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Thread: Sanitizers

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    Sanitizers

    This thread is all about satisfying my curiosity and by no means should indicate that I am looking for something else.

    Those of us who have been on TFP for a while understand that there are really only three EPA approved sanitizers that are suitable for widespread use in swimming pools, these being chlorine, bromine, and baquacil. This got me to thinking about why that is and what else has been tried in the past.

    Now, I am no chemist, but I know that the first two, chlorine and bromine, are both halogens and both can be used for bleaching purposes. But what about iodine and fluorine though? Both of these elements can be classed as halogens. Iodine has long been used in the medical and pharmaceutical industry due to its antimicrobial properties. Additionally, iodine has historically had a place in making non-potable water into potable water. I'm not so sure about fluorine though. Aside from what I remember about from chemistry in college, I think that the reactivity of fluorine would make it a not-so-good choice for sanitizing water.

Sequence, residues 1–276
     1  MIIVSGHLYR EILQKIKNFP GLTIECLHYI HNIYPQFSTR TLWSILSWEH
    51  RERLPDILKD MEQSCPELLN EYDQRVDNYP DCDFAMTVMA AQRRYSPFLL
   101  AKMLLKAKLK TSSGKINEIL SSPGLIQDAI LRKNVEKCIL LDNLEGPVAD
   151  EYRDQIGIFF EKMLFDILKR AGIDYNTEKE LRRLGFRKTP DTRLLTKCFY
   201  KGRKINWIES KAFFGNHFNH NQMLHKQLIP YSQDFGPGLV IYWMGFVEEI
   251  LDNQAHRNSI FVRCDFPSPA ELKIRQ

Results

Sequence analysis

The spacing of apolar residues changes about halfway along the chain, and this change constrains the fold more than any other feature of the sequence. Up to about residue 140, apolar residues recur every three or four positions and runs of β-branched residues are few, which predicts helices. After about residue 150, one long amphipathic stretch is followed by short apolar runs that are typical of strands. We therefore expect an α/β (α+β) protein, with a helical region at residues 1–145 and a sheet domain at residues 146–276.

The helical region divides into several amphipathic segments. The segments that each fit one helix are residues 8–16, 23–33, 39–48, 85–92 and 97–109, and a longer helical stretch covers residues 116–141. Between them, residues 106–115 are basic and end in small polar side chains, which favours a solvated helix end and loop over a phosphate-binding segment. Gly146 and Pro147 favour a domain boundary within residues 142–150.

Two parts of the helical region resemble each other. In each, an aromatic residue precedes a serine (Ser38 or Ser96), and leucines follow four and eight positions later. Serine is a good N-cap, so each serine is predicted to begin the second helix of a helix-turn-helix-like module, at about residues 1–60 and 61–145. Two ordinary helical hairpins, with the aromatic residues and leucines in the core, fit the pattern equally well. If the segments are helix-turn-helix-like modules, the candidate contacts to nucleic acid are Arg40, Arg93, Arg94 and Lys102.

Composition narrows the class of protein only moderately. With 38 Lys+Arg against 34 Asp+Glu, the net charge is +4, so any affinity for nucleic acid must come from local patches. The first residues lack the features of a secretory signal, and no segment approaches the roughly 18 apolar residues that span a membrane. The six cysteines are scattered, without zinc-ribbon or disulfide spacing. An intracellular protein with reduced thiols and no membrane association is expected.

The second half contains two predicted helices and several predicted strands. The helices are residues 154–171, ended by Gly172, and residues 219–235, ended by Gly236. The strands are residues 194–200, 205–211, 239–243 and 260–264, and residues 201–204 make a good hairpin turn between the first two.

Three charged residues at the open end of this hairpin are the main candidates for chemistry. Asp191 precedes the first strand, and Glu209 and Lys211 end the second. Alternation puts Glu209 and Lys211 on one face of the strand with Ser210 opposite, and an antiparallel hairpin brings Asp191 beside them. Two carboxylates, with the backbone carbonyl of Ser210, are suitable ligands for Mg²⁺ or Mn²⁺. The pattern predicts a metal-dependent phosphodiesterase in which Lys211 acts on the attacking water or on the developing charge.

What else has been tried in the past for water sanitation and what would preclude the use of iodine-based or even fluorine-based products in doing the job?
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    Re: Sanitizers

    A huge number of things have been tried, most notably copper, silver, zinc, ozone, UV, iodine, biological filters, hydrogen peroxide, chloramine, radiation, magnets, and prayers to name a few. The problems with the various choices fall into a couple of categories. Many choices are too slow. They kill everything off eventually, but leave too long a window of opportunity where person to person transmission can occur. Other substances pose risks to swimmers. Some are too expensive, or dissipate too quickly.